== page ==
Reminder: SARS-CoV-2 is an airborne virus. The latest variant, now globally dominant, transmits rapidly and all variants causes a horrible disease in subset of people - older, more overweight, male. Left unchecked many people would die and healthcare systems overwhelmed.
Read 21 tweets
19 Sep
In general the response I think to the announcement of a polygenic-risk-score informed embryo selection has been right - one where the science is wrong, the clinical harm/benefit therefore also wrong, and one where ethical/societal considerations have to be folded in. However...
There are some people who say "but even if this is wrong now, it might not in the future" (true) and also "if genetics works, then this should work" often with some handwaving towards farm animal genetics/breeding/selection. In this twitter thread I'd like to tackle this.
(Context: I am a geneticist/genomicist. My two favourite organisms to study humans and Japanese rice paddy fish. I'm on the experiments/practical data science side, but have a pretty good understanding of the theory/stats side, partly because I've coded it myself/in my group)
Read 23 tweets
18 Sep
So depressing rereading this thread of the first embryo selection by broad genomic profiling from healthy donors in the US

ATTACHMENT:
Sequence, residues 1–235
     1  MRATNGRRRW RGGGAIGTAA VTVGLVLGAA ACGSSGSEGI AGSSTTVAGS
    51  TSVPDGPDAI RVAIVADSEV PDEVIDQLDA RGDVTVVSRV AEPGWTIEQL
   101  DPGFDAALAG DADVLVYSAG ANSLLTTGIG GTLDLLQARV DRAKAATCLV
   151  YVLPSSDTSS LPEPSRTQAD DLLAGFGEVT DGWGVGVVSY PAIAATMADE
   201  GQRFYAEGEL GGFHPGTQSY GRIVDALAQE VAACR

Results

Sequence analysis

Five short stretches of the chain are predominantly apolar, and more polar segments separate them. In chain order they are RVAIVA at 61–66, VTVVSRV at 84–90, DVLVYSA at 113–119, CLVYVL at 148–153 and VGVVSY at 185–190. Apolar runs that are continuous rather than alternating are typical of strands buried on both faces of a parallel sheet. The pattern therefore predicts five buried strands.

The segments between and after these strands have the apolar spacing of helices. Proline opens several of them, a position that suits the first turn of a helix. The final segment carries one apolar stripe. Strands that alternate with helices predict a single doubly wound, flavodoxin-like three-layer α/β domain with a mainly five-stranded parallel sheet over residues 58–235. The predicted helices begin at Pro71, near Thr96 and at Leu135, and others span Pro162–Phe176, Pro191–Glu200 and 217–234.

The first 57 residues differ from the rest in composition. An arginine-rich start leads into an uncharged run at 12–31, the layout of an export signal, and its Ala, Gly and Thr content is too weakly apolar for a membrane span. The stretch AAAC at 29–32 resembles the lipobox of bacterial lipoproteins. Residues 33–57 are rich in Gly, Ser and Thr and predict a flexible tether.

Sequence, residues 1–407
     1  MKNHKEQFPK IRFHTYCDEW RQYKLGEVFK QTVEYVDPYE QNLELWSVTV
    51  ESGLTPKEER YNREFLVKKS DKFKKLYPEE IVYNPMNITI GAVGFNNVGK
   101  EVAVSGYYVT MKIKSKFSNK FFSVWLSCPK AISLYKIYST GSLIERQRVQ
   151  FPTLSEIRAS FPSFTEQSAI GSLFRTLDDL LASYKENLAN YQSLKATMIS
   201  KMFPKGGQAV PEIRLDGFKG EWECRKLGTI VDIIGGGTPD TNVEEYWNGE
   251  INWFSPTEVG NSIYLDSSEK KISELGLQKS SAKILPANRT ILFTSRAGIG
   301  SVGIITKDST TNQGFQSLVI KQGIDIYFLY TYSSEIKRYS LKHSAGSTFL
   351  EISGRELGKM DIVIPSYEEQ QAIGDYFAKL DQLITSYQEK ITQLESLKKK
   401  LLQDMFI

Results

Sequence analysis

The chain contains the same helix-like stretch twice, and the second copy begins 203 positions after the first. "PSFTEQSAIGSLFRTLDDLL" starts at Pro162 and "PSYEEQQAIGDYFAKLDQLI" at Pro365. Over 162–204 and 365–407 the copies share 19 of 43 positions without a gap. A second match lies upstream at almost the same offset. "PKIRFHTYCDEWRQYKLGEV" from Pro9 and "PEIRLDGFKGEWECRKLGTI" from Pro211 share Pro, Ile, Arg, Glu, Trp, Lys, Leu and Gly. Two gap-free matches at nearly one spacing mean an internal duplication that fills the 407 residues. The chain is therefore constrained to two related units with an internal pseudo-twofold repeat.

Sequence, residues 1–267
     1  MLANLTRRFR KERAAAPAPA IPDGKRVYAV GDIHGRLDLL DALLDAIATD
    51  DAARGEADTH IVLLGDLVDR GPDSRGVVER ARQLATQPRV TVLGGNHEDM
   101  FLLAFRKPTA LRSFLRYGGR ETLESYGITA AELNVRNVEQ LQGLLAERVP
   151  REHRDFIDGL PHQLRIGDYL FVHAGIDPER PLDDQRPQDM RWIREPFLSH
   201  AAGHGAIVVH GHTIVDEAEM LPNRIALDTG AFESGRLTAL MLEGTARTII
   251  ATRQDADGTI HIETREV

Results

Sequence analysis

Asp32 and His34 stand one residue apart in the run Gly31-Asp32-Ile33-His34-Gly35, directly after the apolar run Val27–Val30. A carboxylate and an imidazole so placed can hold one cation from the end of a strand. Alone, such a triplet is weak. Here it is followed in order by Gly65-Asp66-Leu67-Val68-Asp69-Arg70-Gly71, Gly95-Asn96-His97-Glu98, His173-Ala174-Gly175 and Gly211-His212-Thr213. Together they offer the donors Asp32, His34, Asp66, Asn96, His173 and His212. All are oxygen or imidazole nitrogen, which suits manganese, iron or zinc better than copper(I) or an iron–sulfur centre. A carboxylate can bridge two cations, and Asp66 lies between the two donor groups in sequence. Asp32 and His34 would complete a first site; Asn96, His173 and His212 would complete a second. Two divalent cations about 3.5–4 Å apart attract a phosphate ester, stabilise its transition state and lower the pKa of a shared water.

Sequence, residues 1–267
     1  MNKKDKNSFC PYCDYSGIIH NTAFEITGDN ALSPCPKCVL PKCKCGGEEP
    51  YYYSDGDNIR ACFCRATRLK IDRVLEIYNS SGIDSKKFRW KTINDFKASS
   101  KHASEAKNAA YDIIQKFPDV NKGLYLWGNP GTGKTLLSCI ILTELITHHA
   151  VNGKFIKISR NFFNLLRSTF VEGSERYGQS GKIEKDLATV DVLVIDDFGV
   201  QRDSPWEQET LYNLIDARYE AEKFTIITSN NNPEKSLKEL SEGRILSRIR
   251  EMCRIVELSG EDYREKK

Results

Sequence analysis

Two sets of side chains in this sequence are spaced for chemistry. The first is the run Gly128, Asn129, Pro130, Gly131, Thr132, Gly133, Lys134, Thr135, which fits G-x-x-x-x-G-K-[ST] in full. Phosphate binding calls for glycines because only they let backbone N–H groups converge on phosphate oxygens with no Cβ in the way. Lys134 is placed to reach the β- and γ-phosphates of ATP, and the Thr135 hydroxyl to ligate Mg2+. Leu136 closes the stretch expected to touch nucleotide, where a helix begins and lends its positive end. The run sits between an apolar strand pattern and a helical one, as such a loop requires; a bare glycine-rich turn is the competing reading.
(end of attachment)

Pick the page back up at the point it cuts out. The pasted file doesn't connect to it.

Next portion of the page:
A reminder; in the UK this process would clearly fall under HFEA, and applications to do this would almost certainly be rejected on ethical / societal grounds, on clinical harm to benefit and underlying scientific validity
I’m very positive about the use of genomics in healthcare - many diverse uses and its growing - but I am firmly against this use on ethics, clinical (I’m not an expert) and science (I am an expert). Blogged on this in 2019 ewanbirney.com/2019/05/why-em…
Read 4 tweets
17 Sep
I think the imperial weights thing in the UK is silly (deeply silly) but I do think there was more method in "12" units (and for that matter, 60). 12 is a nice number for division (halves, thirds, quarters, sixths) and then the next nice number for division is 60 (fifths).
Of course the pounds to stone (14!) and then madness of Guineas (I still don't really understand) doesn't fit this. On historical numerology, I was reminded of the arcane voting system for the Dodge in Venice that involves 11, 13s and 17s as supposed "hard to game" prime numbers